The first Poirot episode I ever saw was from the early years of the show, titled "How Does Your Garden Grow?" (Christie had a definite penchant for using lines from nursery rhymes as story titles). I find it curious that I initially reacted to this episode in almost the same way as I did to the first Holmes episode that I ever saw, "The Problem of Thor Bridge" starring Jeremy Brett. I was unimpressed, and pretty certain that I was not going to be interested in seeing more. Perhaps I just needed to develop a taste for mysteries, but a great part of my reaction was due to how blasted annoying I found Hercule Poirot. I can hardly be blamed for this, I think, when Christie herself described her most famous character as "insufferable," and declared that, if he were a real person, she would certainly not waste her precious time in his presence for longer than she could possibly help. (Yes, we writers are nice, stable people!)
In this first episode I viewed, I immediately got a feel for Poirot's extreme sense of self-importance. One of the ways Suchet achieves this is by deliberately keeping his voice pitched rather soft; the impression one gets is that of a man who is so sure that what he has to say is of such supreme importance that naturally his listeners will strain to hear it. Next to hit me was the ridiculous mustache, which Poirot obviously waxes and curls into a highly unrealistic shape. Add in his over-the-top smugness at the "honor" of having a pink rose named after him and his refusal to surrender his perfectly folded pocket handkerchief to a miserably sniffling Hastings (who was suffering an allergic reaction to Poirot's expensive cologne) and my first impressions of Hercule Poirot were not particularly favorable. I'm not sure what led me to try him again, but as time went on, I began to see what Christie was aiming for in this character, and what Suchet amazingly achieves - a man who is squeamish and a dandy, but not effeminate or mincing; conceited and arrogant, but also kind and sympathetic; fussy and impeccable, but genuinely suave and chivalrous; comic, yet utterly brilliant. Poirot's exaggerated sense of dignity is at a distinct variance with Holmes' manic moods, but, like Jeremy Brett did with Sherlock, Suchet imbues deep within his character's extreme propriety a sense of bitter world-weariness, along with a generally poor opinion of mankind that is made redeemable only by his obvious affection for his small circle of friends and the high value he places on human life.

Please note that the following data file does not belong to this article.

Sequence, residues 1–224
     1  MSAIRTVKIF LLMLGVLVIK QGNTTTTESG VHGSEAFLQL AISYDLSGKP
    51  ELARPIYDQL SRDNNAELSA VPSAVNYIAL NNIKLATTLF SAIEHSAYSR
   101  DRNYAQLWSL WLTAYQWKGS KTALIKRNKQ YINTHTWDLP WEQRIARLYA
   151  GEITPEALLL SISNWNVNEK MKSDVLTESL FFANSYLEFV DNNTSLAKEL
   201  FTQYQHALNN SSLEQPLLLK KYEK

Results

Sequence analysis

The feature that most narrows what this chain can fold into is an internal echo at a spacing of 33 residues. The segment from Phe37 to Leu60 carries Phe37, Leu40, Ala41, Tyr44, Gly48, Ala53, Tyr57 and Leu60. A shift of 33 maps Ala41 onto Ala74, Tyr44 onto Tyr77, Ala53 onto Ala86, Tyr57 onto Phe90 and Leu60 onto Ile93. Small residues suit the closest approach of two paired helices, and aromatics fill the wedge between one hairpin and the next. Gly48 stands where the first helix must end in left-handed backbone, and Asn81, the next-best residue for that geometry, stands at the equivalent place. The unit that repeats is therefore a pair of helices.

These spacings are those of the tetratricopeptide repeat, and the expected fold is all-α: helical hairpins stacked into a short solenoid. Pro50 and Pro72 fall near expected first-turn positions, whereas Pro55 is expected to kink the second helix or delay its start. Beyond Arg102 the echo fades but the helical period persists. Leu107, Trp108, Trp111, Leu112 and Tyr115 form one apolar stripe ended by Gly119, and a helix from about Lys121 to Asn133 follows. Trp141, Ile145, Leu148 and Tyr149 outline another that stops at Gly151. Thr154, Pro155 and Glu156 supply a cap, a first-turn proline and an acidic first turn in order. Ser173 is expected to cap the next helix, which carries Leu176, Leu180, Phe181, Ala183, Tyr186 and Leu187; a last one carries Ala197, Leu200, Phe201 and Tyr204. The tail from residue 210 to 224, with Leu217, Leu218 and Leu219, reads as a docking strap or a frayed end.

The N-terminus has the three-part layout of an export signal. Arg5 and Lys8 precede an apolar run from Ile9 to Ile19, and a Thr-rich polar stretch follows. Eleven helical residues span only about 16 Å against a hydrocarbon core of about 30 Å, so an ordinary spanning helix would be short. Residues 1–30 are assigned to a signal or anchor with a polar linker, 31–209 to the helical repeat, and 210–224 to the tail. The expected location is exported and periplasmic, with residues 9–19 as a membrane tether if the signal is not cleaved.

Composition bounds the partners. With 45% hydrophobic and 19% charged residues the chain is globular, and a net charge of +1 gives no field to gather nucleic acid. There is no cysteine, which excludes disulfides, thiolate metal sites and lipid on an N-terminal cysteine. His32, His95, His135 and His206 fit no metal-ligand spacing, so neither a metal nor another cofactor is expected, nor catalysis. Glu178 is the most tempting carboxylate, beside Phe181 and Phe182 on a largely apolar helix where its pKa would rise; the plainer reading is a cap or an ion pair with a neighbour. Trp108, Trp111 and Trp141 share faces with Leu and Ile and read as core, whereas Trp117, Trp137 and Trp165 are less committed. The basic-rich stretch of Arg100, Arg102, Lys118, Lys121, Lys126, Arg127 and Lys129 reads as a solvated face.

Mystery series leave plenty of room for guest appearances (and plenty of good actors show their faces here, including David Burke and Edward Hardwicke, both of whom portrayed Watson to Brett's Holmes - Steve and I sometimes think that Britain has only about twenty-five actors and actresses in all and just keeps recycling them, but that's a topic for another essay), but the regulars remain an important part of the cast, and these days I very much miss the presence of Pauline Moran as the formidable Miss Felicity Lemon, Hugh Fraser as kind, steady "strong-arm" Captain Arthur Hastings, and, especially, Philip Jackson as the stalwart Chief Inspector James Japp, on whom Steve accuses me of having a slight crush (it's true I think Japp is adorable, like a nice big bloodhound, and I'm always pleased to see him on-screen - the fish-and-chips, stout-loving bloke makes a wonderfully funny foil for the tisane-sipping, snobbishly gourmet Poirot). The show's writers included these characters to a greater extent than Christie herself did in the stories, to the great benefit and strengthening of the series. The regular, hour-long program has ended, but David Suchet, who has stated his intention of dramatizing all of the Poirot tales if possible, continues to produce at least one or two movie-length films each year. These later stories take place mainly during Poirot's traveling years, after his so-called "retirement" from consulting, and so generally do not include Miss Lemon, Hastings, or Japp, though I have hopes the original actors will reprise their roles at a later date. Steve and I feel that these films do not have the appeal of the earlier series - a fact that may be due in part to the change in the production company - but they are still very well-directed, they are still "Poirot," and, most importantly, they still feature the incomparable David Suchet in the title role.